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A monumental accomplishment from the age of Enlightenment, the string quartets of Joseph Haydn hold a central place not only in the composer's oeuvre, but also in our modern conception of form, style, and expression in the instrumental music of his day. Here, renowned music historians Floyd and Margaret Grave present a fresh perspective on a comprehensive survey of the works. This thorough and unique analysis offers new insights into the creation of the quartets, the wealth of musical customs and conventions on which they draw, the scope of their innovations, and their significance as reflections of Haydn's artistic personality. Each set of quartets is characterized in terms of its particular mix of structural conventions and novelties, stylistic allusions, and its special points of connection with other opus groups in the series. Throughout the book, the authors draw attention to the boundless supply of compositional strategies by which Haydn appears to be continually rethinking, reevaluating, and refining the quartet's potentials. They also lucidly describe Haydn's famous penchant for wit, humor, and compositional artifice, illuminating the unexpected connections he draws between seemingly unrelated ideas, his irony, and his lightning bolts of surprise and thwarted expectation. Approaching the quartets from a variety of vantage points, the authors correct many prevailing assumptions about convention, innovation, and developing compositional technique in the music of Haydn and his contemporaries.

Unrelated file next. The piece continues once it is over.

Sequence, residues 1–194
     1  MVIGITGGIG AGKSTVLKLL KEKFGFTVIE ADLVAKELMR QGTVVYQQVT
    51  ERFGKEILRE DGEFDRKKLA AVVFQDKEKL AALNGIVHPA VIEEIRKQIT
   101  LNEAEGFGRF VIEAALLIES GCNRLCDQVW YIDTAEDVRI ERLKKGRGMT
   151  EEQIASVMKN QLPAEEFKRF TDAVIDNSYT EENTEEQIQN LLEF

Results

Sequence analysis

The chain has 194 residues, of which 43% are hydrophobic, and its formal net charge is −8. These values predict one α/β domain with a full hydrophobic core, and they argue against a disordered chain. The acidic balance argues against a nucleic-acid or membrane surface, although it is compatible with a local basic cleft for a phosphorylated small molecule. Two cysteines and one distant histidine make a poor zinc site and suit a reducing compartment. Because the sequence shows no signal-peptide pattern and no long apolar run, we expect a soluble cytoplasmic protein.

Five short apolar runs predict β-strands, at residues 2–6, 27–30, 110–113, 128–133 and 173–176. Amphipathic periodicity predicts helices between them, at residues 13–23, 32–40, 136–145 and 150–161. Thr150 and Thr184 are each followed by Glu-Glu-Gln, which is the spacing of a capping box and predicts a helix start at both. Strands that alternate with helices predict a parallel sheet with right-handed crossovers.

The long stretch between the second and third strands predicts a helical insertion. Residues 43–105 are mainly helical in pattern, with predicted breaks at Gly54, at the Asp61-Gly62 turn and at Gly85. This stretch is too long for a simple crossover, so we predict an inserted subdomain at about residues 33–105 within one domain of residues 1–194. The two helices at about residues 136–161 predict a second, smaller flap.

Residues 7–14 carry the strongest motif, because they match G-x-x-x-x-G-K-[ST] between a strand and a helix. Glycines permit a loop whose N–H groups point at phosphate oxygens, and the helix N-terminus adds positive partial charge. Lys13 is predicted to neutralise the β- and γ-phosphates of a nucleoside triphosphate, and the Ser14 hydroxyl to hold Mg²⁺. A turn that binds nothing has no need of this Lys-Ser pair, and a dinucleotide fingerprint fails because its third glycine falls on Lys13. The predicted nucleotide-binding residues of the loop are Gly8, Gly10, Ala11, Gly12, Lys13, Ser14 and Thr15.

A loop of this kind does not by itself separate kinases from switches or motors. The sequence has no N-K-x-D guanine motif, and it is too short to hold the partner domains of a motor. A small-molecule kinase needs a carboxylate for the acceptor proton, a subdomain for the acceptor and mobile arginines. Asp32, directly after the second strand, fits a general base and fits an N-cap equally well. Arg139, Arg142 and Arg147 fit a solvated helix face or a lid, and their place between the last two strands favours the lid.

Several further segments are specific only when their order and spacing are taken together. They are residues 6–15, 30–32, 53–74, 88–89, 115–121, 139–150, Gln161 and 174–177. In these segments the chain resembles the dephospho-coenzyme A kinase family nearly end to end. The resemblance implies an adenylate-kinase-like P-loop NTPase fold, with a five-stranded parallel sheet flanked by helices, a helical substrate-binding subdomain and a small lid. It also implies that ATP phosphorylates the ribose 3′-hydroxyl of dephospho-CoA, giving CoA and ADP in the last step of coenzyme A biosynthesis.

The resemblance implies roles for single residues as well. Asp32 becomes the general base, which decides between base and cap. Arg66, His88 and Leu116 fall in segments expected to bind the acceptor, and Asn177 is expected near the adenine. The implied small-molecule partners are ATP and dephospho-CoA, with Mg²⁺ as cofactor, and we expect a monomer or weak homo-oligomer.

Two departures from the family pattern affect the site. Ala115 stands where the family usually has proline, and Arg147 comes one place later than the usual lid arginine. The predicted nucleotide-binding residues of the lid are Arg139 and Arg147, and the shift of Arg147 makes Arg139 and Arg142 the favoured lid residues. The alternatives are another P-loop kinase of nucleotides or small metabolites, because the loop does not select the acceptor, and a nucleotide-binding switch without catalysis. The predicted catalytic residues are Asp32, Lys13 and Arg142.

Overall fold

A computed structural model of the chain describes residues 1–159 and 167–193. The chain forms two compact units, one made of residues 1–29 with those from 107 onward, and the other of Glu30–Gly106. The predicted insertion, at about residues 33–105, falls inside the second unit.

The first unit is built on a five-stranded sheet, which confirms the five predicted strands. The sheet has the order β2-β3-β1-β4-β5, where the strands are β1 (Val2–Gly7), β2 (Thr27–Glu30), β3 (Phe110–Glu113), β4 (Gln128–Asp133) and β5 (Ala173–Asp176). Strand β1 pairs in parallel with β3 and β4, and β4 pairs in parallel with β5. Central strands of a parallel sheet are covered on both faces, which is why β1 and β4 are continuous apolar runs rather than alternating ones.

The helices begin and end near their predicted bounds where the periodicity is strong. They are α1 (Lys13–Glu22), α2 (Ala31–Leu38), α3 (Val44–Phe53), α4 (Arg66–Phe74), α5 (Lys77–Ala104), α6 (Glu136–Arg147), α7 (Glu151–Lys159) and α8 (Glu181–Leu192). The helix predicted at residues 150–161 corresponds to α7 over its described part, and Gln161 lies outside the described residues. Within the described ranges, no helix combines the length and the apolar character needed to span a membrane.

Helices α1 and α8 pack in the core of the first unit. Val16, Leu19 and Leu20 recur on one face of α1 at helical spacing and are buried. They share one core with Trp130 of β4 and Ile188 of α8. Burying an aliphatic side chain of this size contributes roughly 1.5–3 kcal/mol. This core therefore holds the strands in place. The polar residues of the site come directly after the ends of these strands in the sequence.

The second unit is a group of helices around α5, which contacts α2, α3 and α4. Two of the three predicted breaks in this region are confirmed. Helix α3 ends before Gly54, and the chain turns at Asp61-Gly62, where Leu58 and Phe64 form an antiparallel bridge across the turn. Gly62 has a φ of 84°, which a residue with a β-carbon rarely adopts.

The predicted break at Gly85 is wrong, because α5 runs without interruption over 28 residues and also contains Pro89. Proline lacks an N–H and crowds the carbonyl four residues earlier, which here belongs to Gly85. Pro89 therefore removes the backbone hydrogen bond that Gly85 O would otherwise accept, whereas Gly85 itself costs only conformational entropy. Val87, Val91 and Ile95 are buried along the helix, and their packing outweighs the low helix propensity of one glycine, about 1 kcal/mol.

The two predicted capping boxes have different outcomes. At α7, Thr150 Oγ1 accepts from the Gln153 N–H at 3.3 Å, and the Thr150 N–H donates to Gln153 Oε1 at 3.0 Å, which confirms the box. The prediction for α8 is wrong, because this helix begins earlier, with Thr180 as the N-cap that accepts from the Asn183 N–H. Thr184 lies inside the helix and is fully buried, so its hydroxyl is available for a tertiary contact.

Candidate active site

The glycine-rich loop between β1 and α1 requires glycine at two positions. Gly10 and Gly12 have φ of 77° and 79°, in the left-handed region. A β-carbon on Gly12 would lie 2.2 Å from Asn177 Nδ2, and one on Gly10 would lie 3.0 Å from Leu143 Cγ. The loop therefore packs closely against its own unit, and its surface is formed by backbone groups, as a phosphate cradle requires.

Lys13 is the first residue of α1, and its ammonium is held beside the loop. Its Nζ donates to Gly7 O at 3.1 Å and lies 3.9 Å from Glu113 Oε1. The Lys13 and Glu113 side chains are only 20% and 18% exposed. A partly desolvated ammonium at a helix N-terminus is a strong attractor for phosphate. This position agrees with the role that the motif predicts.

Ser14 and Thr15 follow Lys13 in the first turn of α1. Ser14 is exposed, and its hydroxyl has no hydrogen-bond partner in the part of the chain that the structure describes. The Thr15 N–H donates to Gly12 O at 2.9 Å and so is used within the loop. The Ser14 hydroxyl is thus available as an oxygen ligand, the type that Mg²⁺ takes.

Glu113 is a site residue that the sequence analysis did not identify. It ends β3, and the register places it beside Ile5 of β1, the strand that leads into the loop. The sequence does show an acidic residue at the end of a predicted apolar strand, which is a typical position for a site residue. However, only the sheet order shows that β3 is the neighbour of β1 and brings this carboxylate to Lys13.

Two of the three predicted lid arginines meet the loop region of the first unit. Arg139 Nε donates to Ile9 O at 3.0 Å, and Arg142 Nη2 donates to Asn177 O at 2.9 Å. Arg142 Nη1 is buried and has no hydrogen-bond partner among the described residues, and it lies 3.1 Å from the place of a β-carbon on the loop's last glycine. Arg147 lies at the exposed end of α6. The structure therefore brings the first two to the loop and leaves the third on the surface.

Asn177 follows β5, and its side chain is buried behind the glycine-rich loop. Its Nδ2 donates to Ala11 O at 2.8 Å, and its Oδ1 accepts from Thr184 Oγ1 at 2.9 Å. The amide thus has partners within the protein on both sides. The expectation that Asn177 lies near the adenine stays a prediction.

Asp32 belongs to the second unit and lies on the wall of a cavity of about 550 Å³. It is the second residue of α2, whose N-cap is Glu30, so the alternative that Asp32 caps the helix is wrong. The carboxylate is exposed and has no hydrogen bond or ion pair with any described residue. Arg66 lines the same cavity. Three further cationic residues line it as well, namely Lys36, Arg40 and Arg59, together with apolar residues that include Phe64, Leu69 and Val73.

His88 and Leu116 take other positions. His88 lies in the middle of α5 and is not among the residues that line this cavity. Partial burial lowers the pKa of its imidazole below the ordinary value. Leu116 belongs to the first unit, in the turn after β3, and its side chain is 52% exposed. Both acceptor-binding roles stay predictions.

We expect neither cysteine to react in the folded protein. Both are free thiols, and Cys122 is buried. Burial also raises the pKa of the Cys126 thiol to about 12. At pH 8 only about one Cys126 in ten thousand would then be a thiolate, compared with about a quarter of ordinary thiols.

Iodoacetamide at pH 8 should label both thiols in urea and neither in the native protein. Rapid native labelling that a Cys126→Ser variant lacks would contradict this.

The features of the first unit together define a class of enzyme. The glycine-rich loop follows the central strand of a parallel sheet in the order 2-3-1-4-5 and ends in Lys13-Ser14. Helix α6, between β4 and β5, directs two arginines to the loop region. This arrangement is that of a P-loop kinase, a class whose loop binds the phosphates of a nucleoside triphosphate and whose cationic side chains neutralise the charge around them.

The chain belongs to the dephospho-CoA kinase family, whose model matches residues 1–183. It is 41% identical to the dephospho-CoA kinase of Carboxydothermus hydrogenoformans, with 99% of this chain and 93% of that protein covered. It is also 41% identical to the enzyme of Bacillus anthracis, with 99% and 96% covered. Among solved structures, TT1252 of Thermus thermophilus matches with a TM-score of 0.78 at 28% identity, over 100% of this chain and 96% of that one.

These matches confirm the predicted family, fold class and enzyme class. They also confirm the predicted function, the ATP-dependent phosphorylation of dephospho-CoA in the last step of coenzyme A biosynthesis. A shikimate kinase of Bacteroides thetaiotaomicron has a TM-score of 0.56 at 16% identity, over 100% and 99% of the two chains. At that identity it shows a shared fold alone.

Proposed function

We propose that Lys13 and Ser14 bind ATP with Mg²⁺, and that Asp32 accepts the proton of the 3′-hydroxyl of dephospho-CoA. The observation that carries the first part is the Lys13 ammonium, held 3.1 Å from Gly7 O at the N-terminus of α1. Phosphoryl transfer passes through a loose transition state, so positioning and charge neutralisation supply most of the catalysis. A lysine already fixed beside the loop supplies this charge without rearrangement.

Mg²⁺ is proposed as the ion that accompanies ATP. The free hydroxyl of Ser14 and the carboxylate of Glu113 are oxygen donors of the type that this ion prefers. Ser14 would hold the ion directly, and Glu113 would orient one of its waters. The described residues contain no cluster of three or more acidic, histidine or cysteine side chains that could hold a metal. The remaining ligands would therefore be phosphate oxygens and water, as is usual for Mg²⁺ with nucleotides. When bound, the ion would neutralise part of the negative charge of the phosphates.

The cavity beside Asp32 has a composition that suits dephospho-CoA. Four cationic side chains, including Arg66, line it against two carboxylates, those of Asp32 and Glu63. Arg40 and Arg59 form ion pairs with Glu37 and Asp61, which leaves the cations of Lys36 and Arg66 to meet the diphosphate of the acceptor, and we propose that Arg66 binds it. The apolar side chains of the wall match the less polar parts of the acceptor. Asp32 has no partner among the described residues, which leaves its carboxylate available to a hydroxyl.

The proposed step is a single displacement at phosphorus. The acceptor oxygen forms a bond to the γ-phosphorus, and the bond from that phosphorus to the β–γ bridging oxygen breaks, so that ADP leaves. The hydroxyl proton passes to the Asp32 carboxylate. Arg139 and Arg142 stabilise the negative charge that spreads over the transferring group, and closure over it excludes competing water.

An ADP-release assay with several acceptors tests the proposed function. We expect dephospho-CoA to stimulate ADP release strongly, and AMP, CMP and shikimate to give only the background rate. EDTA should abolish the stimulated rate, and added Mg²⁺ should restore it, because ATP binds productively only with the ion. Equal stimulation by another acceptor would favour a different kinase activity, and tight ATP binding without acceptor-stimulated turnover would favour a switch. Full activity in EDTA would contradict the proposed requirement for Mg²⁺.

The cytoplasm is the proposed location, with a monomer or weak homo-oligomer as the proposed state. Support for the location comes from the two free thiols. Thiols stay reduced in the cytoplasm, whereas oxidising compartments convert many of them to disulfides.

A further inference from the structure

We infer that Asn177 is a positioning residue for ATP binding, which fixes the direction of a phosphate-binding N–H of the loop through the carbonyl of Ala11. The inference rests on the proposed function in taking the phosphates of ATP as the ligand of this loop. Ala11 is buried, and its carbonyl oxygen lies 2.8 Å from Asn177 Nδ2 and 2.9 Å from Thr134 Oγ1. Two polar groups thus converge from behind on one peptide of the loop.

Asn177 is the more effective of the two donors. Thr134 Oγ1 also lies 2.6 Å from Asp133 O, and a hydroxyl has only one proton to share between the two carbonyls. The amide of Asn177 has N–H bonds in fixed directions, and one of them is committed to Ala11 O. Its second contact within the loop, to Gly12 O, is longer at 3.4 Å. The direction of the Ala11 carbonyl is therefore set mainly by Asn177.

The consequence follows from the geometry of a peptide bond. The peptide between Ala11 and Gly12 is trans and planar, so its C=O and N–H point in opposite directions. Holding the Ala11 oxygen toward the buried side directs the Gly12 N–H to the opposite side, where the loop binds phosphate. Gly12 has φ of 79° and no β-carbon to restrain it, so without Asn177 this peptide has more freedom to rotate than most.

Going beyond traditional modes of study, The String Quartets of Joseph Haydn blends historical analysis and factual information with critical appraisal in a way that will engage all Haydn enthusiasts.